Thursday's New York Times contains their weekly Home and Garden section. It's always worth the peruse. Always. In that weekly section, there's a recurring column called The Fix, where a Times staffer fields a reader's question.
This week's installment of The Fix was written by Arianne Cohen, and she tackled the question, "Why isn't my dishwasher cleaning my dishes?" Ms. Cohen did a great job with the answer and parts of her column were news to me. Adding to my store of appliance knowledge is something I'm always happy to do and I'm going to excerpt some of her more interesting points here.
“Pre-rinsing dishes is a big mistake,” said John Dries, a mechanical engineer and the owner of Dries Engineering, an appliance design consulting company in Louisville, Ky. “People assume that the dishwasher will perform better if you put in cleaner dishes, and that’s not true. Just scrape. Pre-rinsing with hot water is double bad, because you’re pumping water and electricity down the drain.”
It’s actually triple bad, according to Mike Edwards, a senior dishwasher design engineer at BSH Home Appliances in New Bern, N.C. “Dishwasher detergent aggressively goes after food,” Mr. Edwards said, “and if you don’t have food soil in the unit, it attacks the glasses, and they get cloudy,” a process known as etching that can cause permanent damage.
It’s also important not to use too much detergent, he said.
How much do you need? That depends on how much food soil there is, he said, not how many dishes. “If you have a light load,” he said, “don’t fill the detergent cup all the way.”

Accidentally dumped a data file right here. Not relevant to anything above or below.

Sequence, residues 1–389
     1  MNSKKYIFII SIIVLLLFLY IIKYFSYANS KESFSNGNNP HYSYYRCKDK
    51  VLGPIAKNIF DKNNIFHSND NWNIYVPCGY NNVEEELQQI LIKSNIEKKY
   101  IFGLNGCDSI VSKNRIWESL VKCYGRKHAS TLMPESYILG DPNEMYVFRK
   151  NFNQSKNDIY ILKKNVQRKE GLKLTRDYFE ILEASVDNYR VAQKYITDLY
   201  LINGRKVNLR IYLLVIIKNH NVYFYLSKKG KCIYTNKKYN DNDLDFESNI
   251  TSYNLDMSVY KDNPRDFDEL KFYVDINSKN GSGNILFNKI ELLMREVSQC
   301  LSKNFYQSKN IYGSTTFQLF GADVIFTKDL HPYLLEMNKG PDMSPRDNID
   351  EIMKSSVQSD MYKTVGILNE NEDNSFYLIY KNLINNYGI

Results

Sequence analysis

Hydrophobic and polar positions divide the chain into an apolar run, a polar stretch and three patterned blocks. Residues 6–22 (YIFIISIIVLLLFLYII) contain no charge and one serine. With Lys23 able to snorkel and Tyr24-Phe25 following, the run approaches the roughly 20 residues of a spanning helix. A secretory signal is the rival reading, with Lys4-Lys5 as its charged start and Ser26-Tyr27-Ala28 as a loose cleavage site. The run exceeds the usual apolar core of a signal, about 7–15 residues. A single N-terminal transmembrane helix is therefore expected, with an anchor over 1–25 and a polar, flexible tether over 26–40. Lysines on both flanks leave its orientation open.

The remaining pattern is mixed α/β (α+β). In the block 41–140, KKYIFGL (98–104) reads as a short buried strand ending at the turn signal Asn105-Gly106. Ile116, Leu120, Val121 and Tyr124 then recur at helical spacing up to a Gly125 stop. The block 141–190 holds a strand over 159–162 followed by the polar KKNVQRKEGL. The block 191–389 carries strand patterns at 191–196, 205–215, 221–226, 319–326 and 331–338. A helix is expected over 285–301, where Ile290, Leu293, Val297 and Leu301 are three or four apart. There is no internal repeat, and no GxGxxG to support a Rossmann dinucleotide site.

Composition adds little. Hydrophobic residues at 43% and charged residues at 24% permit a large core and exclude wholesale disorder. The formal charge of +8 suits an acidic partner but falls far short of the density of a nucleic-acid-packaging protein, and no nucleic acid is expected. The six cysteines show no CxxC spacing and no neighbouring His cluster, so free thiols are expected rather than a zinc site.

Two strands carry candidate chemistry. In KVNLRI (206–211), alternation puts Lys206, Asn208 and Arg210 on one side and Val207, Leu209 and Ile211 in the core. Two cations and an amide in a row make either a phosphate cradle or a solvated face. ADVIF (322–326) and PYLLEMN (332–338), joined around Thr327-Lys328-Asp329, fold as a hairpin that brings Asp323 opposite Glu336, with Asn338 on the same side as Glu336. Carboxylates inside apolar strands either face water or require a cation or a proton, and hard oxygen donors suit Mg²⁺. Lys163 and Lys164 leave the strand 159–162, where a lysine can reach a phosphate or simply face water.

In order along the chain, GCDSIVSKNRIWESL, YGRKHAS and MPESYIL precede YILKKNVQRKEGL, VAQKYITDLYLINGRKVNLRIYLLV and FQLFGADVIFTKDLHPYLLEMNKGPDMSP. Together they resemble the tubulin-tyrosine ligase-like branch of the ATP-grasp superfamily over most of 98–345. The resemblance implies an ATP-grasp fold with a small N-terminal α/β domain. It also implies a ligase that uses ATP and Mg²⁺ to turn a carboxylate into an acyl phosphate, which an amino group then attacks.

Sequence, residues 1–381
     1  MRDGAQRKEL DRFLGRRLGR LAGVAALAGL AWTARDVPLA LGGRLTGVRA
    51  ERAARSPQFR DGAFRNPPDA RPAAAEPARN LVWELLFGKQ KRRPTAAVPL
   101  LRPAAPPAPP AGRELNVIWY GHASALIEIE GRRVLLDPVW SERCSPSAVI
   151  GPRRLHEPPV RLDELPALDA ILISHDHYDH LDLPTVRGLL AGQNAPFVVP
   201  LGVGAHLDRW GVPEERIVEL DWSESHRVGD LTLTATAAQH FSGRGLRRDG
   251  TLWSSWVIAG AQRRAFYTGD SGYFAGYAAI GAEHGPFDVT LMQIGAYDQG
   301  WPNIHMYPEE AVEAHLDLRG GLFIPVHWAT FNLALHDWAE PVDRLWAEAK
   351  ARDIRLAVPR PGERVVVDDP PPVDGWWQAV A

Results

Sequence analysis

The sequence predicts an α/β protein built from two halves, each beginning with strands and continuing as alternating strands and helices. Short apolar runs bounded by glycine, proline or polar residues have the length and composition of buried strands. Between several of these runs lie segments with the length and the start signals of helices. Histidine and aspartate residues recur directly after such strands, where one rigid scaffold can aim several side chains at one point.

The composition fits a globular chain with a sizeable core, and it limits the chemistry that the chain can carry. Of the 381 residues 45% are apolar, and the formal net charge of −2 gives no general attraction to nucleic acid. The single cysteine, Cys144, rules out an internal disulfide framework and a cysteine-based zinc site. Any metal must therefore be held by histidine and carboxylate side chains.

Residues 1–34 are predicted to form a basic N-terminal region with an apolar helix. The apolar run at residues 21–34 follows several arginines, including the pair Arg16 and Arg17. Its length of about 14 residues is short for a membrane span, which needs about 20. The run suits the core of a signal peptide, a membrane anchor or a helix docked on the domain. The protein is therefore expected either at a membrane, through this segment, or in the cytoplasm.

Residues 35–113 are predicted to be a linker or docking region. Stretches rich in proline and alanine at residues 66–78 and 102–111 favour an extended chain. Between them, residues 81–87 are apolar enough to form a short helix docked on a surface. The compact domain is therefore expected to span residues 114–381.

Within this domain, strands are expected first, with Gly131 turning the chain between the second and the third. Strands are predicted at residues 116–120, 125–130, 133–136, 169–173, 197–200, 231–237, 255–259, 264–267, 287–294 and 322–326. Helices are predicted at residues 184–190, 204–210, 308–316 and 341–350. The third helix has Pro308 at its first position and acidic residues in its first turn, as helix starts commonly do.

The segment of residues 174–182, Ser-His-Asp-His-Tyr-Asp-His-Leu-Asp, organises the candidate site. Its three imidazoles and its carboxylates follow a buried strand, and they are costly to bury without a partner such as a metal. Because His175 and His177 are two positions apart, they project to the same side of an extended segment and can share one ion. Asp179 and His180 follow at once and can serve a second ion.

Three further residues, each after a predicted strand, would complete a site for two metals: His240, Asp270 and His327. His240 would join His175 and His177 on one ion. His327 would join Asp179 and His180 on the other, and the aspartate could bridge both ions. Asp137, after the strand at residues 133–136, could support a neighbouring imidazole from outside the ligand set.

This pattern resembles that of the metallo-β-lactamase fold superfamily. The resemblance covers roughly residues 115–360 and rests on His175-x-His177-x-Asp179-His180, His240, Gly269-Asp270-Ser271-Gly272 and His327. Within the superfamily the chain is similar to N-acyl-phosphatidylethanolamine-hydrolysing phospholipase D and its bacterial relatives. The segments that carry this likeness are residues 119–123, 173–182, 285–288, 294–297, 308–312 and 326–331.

Powder detergent is preferable to that in liquid or tablet form, he said, because it leaves dishes cleaner. But store it somewhere dry, not under the sink, where it can absorb moisture and form clumps.
That's an interesting note about pre-rinsing dishes. Who knew that when a detergent doesn't have enough to do, it goes all renegade.
Mr. Dries offered a final tip: stick with the normal cycle. It’s the one consumer organizations conduct all their performance and energy tests on. “Manufacturers know this, so it’s the cycle that the most work went into,” he said.
The pots-and-pans cycle is rarely necessary, except when you have baked-on foods, he said, nor is the heat-dry function.
“A trick you can use is called flash dry,” he added. As soon as the dishwasher shuts off, open the door. “Dishes are at their hottest point and give up water moisture the fastest. Within 5 to 10 minutes, your dishes are going to be completely dry.”
I love this kind of insider information. The bit about all of the engineering of a dishwasher getting poured into the normal cycle is really go to know too. And flash drying, who knew?